To enter a bachelor's degree program in medical technology, students must typically have at least a high school diploma or the equivalent. Most medical technology hospital certificate programs require students to have completed a relevant bachelor's degree for admission. Specific postsecondary prerequisites often include several courses of chemistry, mathematics and biology.

Course Topics

Courses often cover different types of laboratory testing. Students can participate in classroom lectures about testing protocols before participating in laboratory clinical rotations. Coursework in these programs can include:

  • Urine analysis
  • Microbiology
  • Hematology
  • Pathology
  • Transfusion services

Popular Career Options

Although there are many medical technology positions within the healthcare industry, industries such as law enforcement or scientific research also utilize workers trained in this career field. Possible job titles for individuals holding at least a bachelor's degree can include:

  • Clinical laboratory scientist
  • Forensic laboratory technician
  • Medical technologist

Continuing Education Information

The BLS states that medical technologists may be required to obtain licensure depending on state guidelines. The licensure process often involves completing education and training requirements, as well as passing license examinations. Some states may require workers to complete continued education coursework yearly to keep licenses active. Professionals in this industry may also pursue voluntary certification within their specific medical technology field.

Phlebotomy Hospital Training Program

Individuals in phlebotomy hospital training programs learn the skills to safely take blood out of the body for medical testing. Students also learn how to make patients comfortable throughout the blood-drawing process. Several training programs can be completed within 6-10 weeks and each program usually consists of classroom lectures mixed with on-the-job-training.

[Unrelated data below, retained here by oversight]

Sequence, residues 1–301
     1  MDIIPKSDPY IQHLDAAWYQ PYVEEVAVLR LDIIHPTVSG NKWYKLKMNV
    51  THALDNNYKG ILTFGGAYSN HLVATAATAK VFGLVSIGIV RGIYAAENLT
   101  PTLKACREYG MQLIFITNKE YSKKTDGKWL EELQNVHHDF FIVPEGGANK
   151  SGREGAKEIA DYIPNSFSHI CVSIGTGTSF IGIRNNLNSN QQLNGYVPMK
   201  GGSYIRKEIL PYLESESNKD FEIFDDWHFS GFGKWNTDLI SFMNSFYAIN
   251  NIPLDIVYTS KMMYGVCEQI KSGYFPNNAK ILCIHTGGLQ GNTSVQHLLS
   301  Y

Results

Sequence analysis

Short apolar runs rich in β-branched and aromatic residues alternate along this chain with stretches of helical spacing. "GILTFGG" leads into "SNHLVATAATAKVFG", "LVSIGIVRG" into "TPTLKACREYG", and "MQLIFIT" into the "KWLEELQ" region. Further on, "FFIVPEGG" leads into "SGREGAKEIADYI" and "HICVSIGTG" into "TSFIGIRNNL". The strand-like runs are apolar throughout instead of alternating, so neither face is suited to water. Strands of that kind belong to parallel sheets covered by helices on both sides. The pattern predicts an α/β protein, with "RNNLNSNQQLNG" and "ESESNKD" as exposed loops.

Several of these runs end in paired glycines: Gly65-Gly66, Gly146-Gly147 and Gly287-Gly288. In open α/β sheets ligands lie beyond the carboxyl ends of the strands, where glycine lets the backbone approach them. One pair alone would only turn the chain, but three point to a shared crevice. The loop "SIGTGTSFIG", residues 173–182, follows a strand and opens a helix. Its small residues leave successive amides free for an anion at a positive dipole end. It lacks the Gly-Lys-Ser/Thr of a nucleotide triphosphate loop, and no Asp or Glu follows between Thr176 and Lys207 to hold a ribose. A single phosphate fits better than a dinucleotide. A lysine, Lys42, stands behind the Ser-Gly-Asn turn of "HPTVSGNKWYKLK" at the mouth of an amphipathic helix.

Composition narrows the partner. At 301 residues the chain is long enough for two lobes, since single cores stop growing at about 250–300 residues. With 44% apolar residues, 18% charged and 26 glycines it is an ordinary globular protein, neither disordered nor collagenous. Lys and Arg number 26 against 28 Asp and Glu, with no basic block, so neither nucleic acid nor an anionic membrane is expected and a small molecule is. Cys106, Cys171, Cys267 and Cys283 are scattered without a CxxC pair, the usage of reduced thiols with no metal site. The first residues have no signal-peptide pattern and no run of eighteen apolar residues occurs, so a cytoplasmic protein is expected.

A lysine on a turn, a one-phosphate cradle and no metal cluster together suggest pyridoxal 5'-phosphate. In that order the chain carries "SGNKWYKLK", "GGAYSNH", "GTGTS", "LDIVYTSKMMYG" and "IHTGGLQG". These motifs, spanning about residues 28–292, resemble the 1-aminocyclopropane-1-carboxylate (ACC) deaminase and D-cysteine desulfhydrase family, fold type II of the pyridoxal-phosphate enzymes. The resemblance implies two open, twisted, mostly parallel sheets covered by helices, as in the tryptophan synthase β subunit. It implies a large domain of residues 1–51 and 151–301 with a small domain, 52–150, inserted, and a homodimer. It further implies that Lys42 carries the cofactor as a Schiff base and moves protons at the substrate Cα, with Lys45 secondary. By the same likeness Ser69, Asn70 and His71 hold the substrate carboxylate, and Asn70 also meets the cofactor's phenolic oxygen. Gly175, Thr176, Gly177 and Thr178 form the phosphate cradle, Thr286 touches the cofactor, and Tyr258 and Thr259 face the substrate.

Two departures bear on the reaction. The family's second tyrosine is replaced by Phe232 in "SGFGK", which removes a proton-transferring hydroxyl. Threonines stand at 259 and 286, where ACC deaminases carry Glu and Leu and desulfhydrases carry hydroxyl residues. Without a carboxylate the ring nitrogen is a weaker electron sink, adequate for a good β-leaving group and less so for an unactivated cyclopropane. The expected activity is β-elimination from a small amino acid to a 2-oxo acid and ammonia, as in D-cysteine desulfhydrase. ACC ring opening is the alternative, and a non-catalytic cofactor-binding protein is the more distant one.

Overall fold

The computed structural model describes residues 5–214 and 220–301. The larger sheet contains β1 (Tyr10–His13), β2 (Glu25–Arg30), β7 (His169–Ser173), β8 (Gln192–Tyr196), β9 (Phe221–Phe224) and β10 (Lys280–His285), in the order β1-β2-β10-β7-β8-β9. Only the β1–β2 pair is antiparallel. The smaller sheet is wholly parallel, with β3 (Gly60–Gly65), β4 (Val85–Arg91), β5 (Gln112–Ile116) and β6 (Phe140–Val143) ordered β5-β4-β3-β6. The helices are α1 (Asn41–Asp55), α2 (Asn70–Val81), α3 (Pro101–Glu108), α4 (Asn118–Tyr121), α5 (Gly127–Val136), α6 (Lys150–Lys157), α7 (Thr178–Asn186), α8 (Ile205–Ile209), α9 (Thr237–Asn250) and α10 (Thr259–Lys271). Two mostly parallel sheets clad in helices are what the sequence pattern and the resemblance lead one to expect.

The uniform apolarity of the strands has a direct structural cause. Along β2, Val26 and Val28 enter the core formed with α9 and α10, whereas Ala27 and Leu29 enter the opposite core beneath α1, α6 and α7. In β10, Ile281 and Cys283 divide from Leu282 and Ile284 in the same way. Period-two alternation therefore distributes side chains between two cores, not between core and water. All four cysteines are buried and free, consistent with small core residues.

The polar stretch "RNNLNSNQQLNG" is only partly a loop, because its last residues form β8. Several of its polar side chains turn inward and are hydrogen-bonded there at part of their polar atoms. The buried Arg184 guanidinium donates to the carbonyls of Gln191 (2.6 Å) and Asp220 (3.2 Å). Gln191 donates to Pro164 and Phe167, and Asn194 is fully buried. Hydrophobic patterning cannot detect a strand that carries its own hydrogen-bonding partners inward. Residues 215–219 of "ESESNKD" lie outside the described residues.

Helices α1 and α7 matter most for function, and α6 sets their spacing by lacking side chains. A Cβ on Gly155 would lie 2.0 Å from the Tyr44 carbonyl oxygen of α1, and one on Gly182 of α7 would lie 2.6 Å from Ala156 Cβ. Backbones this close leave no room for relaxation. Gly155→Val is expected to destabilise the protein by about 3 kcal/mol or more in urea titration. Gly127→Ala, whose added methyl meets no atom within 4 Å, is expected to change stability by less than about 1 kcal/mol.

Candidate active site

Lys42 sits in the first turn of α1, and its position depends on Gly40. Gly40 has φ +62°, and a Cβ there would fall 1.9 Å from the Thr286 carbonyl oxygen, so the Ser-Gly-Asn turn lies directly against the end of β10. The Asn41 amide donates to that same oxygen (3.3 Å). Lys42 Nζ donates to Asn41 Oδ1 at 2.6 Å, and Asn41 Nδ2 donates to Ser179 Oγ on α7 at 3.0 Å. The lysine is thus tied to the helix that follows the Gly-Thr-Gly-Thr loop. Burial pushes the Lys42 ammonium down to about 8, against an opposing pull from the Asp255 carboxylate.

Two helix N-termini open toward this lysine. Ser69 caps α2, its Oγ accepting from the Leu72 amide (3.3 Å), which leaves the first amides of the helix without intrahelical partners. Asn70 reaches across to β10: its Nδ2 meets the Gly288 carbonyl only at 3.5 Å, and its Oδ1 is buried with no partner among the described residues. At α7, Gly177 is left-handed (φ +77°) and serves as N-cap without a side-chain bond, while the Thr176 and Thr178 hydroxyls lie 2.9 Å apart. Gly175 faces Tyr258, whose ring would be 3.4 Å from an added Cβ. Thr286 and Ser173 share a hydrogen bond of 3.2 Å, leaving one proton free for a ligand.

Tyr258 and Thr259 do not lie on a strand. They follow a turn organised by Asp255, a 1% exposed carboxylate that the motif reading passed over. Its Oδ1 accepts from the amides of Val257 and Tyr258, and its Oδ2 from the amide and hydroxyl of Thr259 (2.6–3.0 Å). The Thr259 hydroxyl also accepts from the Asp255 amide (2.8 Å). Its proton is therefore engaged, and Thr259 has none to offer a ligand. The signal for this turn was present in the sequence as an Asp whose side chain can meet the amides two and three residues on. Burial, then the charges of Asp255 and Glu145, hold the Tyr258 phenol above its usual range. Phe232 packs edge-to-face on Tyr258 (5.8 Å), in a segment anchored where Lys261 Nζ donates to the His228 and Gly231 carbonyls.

Education Prerequisites

Most programs have the minimum education requirement of a high school diploma or equivalent. Some hospital training programs may show a preference toward students who did well in high school math, biology and chemistry courses. Depending on the program, students may have to complete cardiopulmonary resuscitation (CPR) training prior to entering the phlebotomy training program.

Course Topics

Many phlebotomy hospital training programs start off the first few weeks of the program with only classroom lecture coursework. The remainder of the program is usually spent in clinical rotations under the close supervision of a trained phlebotomist. Course topics cover the following areas:

  • Blood collection techniques
  • Intravenous needles
  • Blood sample testing
  • Laboratory computer systems
  • Biohazard safety procedures

Popular Career Options

Phlebotomists can work in various roles in multiple healthcare settings. These could include:

  • Medical testing facilities
  • Blood banks
  • Doctors' offices
  • Emergency rooms
  • Organ donation facilities

Continuing Education Information

Voluntary certification programs related to phlebotomy are provided by several recognized allied health boards. Phlebotomists who wish to advance into management positions may need to pursue bachelor's degrees related to clinical laboratory sciences.